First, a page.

The Associated Press and Reuters contributed to this report
President Barack Obama on Friday endorsed plans for a Muslim mosque two blocks from ground zero in New York City, declaring that "Muslims have the right to practice their religion as anyone else in this country."
"That includes the right to build a place of worship and a community center on private property in lower Manhattan, in accordance with local laws and ordinances, Obama said. "This is America, and our commitment to religious freedom must be unshakeable."
Obama acknowledged the fiery emotions the planned mosque and cultural center have stoked.
"Ground Zero is, indeed, hallowed ground," the president said.
"But let me be clear: as a citizen, and as president, I believe that Muslims have the right to practice their religion as anyone else in this country. That includes the right to build a place of worship and a community center on private property in lower Manhattan, in accordance with local laws and ordinances."
Obama said Islam is not the enemy, al-Qaida is.
"We must never forget those who we lost so tragically on 9/11, and we must always honor those who led our response to that attack — from the firefighters who charged up smoke-filled staircases, to our troops who are serving in Afghanistan today," he said.
"Our enemies respect no religious freedom. Al Qaida's cause is not Islam — it is a gross distortion of Islam. These are not religious leaders — they're terrorists who murder innocent men, women and children. In fact, al Qaida has killed more Muslims than people of any other religion — and that list of victims includes innocent Muslims who were killed on 9/11."
The New York mosque would be part of a 13-story, $100 million Islamic center that would feature a 500-seat auditorium, a swimming pool and a gym. It's a project of the Cordoba Initiative, an advocacy group that promotes improved relations between Islam and the West.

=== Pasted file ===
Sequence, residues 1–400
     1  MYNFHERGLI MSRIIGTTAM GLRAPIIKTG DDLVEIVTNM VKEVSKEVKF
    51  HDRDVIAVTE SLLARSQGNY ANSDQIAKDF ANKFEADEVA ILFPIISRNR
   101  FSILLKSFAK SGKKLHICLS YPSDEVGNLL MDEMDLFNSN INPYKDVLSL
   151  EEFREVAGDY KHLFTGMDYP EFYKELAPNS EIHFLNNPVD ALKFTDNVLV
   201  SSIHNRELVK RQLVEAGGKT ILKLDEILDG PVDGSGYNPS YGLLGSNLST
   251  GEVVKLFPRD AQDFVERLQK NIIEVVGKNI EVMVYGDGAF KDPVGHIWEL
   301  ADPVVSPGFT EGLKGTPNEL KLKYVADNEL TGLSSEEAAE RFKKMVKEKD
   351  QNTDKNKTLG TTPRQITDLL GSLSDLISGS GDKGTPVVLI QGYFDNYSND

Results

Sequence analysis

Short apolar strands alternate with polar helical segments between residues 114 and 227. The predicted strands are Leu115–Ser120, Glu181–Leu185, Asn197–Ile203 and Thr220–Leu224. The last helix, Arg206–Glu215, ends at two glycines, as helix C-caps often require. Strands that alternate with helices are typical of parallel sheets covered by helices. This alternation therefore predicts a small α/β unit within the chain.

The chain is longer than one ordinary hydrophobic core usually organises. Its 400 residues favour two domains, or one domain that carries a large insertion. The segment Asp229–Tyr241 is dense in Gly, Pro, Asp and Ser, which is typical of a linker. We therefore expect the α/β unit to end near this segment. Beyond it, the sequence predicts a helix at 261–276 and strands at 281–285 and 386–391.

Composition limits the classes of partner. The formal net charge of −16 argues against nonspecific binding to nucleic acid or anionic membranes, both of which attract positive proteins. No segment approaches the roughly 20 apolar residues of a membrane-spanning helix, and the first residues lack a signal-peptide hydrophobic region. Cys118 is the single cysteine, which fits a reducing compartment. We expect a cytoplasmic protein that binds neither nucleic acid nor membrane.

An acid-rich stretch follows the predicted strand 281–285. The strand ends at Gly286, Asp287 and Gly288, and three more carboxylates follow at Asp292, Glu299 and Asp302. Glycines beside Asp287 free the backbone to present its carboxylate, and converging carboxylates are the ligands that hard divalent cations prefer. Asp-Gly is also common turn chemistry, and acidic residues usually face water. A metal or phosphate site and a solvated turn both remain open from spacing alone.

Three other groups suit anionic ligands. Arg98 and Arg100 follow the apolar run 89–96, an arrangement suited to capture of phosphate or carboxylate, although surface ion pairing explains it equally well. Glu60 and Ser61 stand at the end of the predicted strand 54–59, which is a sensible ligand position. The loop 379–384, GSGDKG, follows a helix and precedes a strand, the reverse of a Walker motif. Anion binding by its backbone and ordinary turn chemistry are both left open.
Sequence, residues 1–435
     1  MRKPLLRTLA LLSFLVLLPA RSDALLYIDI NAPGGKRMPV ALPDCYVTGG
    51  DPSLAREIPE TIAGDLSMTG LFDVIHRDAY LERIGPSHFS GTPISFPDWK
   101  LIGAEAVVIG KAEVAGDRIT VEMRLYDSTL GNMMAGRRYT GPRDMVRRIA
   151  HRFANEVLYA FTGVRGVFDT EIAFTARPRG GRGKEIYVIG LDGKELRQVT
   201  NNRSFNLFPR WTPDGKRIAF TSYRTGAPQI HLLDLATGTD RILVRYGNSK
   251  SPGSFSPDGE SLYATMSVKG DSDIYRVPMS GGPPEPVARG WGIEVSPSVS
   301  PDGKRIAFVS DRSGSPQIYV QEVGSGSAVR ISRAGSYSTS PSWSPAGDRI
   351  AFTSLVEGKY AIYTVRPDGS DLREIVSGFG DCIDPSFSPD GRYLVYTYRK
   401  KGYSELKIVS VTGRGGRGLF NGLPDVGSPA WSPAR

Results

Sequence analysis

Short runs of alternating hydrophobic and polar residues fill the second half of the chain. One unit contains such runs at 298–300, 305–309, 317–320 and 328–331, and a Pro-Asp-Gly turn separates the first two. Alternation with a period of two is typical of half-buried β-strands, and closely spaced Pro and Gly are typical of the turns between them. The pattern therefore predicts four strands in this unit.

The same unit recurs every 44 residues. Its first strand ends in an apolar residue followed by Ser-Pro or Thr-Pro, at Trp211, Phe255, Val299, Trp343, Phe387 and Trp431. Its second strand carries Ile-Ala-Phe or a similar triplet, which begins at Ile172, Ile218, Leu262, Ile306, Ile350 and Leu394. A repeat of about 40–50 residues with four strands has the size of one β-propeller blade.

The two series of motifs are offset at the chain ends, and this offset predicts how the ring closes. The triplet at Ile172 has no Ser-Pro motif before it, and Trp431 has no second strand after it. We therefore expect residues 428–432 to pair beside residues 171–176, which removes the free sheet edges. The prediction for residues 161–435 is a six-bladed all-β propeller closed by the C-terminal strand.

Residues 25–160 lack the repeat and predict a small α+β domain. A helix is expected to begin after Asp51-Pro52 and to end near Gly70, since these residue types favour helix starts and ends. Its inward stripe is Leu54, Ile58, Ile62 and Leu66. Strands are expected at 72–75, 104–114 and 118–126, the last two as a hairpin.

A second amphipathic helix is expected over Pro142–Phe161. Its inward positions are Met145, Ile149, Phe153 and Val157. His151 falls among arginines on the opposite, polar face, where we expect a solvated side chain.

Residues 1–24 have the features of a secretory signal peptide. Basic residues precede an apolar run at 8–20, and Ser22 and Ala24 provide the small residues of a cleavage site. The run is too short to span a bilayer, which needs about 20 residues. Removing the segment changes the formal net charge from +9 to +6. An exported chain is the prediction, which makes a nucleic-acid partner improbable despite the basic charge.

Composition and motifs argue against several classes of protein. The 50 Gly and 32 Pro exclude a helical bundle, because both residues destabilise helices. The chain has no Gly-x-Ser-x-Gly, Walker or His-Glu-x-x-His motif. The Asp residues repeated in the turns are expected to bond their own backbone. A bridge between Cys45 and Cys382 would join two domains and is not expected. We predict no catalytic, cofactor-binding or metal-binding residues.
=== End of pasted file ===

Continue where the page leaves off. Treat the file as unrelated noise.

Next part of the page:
Rep. Peter King, R-N.Y., disagreed.
"President Obama is wrong," King said. "It is insensitive and uncaring for the Muslim community to build a mosque in the shadow of ground zero. While the Muslim community has the right to build the mosque they are abusing that right by needlessly offending so many people who have suffered so much."
The mosque has drawn vocal opposition from many relatives of Sept. 11 victims and local and national Republican leaders. The Anti-Defamation League, a Jewish civil rights group, is also opposed.
Conservative politicians such as former Republican vice presidential candidate Sarah Palin and Newt Gingrich, a Republican former Speaker of the House of Representatives, also have called for the project to be scrapped.
Mark Williams, a spokesman for the conservative Tea Party political movement, said the center would be used for "terrorists to worship their monkey god."
Obama said that Ramadan is a reminder that Islam has always been part of America.
"The first Muslim ambassador to the United States, from Tunisia, was hosted by President Jefferson, who arranged a sunset dinner for his guest because it was Ramadan — making it the first known iftar at the White House, more than 200 years ago."
New York City Mayor Michael Bloomberg has defended the project and praised Obama's remarks Friday night.
"Two hundred and twenty years ago this week, the Father of Our Country penned his famous letter to the Jewish Community of Newport Rhode Island or, as he called them, 'the Children of the Stock of Abraham.' President Obama's words tonight evoked President Washington's own August reminder that 'all possess alike liberty,'" Bloomberg said."As I said last week, this proposed mosque and community center in Lower Manhattan is as important a test of the separation of church and state as we may see in our lifetime, and I applaud President Obama's clarion defense of the freedom of religion tonight," he said.